Power dissipation and off-chip bandwidth restrictions are critical challenges that limit microprocessor performance. Ternary content addressable memories (TCAM) hold the potential to address both problems in the context of a wide range of data-intensive workloads that benefit from associative search capability. Power dissipation is reduced by eliminating instruction processing and data movement overheads present in a purely RAM based system. Bandwidth demand is lowered by processing data directly on the TCAM chip, thereby decreasing off-chip traffic.
Host cells undergo rapid and drastic transcriptional changes to mount a
response to pathogen infection. The response is triggered when upstream host
proteins detect the pathogen and propagate signals via cascades of
protein-protein interactions to transcription factors, which selectively
activate or inhibit genes. Although these upstream initiators and the
resulting transcriptional effects can be characterized experimentally, the
intermediate proteins driving signaling and transcription cannot be directly
Chaperones are special proteins that aid the folding, unfolding, assembly
and disassembly of other proteins. Chaperones rely on a large and diverse
set of co-chaperones that regulate their specificity and function. How the
se co-chaperones regulate protein folding and whether they have
chaperone-independent biological functions is largely unknown. In this talk,
I will first present novel experimental and statistical approaches to study
the chaperone/co-chaperone/client inter action network in a systematic way.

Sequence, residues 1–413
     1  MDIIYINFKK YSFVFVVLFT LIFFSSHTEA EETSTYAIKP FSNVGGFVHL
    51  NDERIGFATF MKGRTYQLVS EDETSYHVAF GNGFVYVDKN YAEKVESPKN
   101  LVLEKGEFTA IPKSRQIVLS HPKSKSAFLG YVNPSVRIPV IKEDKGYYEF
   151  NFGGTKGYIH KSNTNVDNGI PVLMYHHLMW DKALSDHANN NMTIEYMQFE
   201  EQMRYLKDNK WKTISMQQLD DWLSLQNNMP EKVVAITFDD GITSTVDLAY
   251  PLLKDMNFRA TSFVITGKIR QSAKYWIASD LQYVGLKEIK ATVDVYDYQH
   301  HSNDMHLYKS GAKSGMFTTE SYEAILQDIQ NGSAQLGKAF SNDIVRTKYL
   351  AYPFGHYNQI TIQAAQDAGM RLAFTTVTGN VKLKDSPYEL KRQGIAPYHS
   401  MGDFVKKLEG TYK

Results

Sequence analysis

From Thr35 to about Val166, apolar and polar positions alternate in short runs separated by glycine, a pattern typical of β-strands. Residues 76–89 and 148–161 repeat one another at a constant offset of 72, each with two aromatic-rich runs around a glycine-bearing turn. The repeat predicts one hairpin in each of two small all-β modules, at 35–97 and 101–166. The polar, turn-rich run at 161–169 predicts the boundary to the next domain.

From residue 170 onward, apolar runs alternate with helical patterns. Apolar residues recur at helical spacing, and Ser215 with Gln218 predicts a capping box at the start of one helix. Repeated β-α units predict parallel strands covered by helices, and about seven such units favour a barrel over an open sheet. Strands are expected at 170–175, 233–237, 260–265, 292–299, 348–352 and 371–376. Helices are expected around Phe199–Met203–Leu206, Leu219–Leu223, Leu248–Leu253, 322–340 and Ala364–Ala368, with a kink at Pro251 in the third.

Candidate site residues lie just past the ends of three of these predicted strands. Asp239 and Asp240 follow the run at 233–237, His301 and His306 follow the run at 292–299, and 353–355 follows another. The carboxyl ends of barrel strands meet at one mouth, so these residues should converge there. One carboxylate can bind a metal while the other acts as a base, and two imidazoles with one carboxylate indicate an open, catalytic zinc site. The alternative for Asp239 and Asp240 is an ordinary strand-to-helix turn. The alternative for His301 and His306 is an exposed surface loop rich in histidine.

Affordable mobile devices and ubiquitous wireless connectivity have placed digital communication, computation, and sensing at the center of nearly all human activity. However, as the importance and popularity of mobile services like citizen journalism and mobile social networking have grown, so too has the need to reason about the trustworthiness of the data on which these services depend.
These days, there is a lot of hype about big data. But such data is useless
unless we can interpret it. Since such data is often noisy and ambiguous,
especially in the "long tail" where many of the examples occur, we will
inevitably be somewhat uncertain about underlying patterns and/or future
predictions. This motivates analyzing the data using structured
probabilistic models, which can properly represent uncertainty, and exploit
prior knowledge when available.
In this talk, I will describe a new design principle for security: the hardware-up principle. Hardware-up security means that systems should be secured starting from hardware instead of the existing popular approach where software layers are secured, assuming that the lower layers are secure when they are not. I will discuss how systems designed for security from hardware-up offer unique advantages unavailable in current protection systems: a smaller attack surface, energy-efficient execution, and the ability to reason about security compositionally.